Michael Pardo, Dennis Patterson, Sofia Moratti

The gathering of and use of neuroscientific evidence in criminal trials in the United States. Compatibility with the 4th and 5th Amendements and with Due Process

  • Abstract

Informations and abstract

Keywords: Neuroscientific Evidence; US Criminal Process; Habeas Corpus; Nemo Tenetur; Due Process.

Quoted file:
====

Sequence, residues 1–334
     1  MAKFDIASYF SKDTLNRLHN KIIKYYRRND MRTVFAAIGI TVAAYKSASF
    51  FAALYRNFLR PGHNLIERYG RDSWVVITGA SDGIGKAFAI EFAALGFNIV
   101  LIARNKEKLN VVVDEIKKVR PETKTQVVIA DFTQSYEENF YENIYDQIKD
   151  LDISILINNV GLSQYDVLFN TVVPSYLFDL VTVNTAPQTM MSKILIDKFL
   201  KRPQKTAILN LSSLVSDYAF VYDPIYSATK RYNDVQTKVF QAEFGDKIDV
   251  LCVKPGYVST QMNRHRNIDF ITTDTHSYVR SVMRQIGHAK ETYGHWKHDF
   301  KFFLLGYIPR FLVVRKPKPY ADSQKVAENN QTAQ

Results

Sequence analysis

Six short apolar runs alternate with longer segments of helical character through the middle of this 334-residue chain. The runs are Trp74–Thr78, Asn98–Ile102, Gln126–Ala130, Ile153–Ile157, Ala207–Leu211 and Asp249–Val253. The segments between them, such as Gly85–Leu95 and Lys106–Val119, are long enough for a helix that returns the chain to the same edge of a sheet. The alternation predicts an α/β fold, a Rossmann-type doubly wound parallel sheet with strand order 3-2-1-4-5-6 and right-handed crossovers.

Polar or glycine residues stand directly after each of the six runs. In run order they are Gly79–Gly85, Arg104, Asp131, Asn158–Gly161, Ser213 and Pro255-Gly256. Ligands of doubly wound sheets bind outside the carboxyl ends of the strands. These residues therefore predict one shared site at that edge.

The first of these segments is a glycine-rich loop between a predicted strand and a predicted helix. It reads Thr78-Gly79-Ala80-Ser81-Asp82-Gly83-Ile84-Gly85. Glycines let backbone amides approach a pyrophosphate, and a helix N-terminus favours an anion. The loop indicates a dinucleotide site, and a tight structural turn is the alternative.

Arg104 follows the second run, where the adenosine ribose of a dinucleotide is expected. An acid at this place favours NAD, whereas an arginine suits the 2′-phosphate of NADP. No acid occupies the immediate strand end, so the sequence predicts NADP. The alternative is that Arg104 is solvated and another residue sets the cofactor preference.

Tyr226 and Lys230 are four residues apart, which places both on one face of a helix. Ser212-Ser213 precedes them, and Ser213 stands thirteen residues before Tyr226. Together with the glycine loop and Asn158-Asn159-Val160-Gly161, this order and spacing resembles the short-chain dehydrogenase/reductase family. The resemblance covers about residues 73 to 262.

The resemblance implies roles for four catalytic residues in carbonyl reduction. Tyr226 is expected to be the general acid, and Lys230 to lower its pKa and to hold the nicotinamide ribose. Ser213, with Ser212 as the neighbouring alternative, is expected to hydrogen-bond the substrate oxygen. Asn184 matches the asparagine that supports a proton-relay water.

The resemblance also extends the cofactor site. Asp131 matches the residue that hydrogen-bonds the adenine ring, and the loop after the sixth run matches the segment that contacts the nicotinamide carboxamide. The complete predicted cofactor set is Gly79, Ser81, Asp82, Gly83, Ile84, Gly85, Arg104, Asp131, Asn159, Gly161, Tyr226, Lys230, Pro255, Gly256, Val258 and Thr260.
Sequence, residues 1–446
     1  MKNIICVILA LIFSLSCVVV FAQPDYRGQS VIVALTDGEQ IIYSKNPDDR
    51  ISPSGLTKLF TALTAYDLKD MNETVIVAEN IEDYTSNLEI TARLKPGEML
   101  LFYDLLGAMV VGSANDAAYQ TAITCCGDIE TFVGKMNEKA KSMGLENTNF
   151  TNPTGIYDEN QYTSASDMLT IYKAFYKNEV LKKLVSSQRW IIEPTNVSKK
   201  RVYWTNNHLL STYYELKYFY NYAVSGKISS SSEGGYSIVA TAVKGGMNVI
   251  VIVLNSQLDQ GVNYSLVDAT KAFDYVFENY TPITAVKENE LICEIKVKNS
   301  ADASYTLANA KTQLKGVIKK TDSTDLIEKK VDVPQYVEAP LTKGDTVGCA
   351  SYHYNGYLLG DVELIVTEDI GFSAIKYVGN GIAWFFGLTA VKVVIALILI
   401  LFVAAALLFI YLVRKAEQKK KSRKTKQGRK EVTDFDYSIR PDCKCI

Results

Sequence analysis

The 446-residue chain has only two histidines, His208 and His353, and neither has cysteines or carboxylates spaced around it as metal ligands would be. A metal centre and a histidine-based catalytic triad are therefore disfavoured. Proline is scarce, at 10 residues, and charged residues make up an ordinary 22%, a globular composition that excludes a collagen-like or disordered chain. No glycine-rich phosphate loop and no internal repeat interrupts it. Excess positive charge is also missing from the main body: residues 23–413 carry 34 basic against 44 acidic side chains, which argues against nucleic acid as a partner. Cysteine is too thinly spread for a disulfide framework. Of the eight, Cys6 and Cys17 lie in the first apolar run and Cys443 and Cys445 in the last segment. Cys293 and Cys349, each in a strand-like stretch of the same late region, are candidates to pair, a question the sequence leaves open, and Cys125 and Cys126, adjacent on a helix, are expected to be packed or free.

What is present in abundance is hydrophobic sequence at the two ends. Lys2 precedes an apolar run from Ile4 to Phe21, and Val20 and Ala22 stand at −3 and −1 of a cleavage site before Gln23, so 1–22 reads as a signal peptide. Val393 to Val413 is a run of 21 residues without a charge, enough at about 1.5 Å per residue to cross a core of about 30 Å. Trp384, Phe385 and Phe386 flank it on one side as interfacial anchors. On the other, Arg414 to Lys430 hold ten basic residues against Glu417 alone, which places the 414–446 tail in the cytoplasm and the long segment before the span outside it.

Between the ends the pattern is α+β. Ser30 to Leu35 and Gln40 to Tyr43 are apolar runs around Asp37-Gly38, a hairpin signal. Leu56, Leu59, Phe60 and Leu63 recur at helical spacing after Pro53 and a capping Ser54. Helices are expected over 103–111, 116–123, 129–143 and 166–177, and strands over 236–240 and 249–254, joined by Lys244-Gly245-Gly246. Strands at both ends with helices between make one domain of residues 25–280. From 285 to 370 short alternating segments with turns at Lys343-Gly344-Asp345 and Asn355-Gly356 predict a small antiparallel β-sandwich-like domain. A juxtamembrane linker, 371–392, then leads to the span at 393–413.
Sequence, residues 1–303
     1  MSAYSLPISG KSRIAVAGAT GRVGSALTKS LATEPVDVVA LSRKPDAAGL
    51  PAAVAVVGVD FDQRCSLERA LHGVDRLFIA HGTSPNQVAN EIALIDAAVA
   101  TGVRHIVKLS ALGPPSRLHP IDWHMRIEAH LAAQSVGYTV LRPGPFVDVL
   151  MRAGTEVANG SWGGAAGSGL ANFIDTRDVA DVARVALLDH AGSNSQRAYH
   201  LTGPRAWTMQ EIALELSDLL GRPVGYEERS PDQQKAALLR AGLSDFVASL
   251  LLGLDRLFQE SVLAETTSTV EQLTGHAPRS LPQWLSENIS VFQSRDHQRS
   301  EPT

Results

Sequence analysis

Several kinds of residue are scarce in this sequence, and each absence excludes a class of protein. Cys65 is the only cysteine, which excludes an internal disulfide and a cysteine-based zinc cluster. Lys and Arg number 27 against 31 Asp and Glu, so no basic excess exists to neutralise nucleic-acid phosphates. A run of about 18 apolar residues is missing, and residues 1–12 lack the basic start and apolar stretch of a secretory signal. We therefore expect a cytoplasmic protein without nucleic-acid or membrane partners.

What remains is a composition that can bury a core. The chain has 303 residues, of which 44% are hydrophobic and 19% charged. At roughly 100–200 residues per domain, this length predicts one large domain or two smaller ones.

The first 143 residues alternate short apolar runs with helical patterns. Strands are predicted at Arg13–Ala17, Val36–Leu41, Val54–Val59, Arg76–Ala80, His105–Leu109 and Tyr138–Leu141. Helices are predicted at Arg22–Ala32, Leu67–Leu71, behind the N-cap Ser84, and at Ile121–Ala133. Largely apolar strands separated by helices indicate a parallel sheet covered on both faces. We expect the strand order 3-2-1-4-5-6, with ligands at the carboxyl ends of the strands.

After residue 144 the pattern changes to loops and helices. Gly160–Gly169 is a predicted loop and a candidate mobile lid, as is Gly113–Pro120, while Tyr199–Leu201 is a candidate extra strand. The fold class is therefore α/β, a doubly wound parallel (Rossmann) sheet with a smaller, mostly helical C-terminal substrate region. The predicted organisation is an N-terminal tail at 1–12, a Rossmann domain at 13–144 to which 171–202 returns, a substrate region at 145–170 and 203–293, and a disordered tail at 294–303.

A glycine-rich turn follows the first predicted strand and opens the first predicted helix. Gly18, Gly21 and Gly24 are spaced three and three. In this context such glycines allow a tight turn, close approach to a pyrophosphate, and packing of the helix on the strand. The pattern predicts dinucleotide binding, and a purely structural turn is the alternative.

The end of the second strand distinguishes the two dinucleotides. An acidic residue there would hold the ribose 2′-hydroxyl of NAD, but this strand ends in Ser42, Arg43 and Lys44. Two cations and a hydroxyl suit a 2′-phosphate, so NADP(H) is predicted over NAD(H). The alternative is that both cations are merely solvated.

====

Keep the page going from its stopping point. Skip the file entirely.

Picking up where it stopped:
This essay discusses the compelled production and use of neuroscientific evidence against criminal suspects or defendants and the constitutional provisions that protect suspects and defendants and limit government evidence gathering in the American legal system: the Fourth Amendment, the Fifth Amendment privilege against self-incrimination, and Due Process. We shall argue that, under current constitutional doctrine, a neuroscientific test could in principle be compelled, either through a threat of contempt or through physical force, under the following conditions: 1) the government has probable cause and a warrant, or a recognized exception to these requirements obtains, and 2) the government conduct is not so outrageous that it "shocks the conscience": for example, the test should not jeopardize the health of the person who undergoes it. However, criminal defendants may invoke the privilege against selfincrimination to prevent the use of neuroscientific evidence when the evidence is "testimonial" in nature, compelled, and incriminating. We also suggest developing specific statutory limitations and guidelines to regulate the gathering and use of neuroscientific evidence in criminal proceedings, as it may be preferable to reliance on a patchwork of constitutional doctrine.

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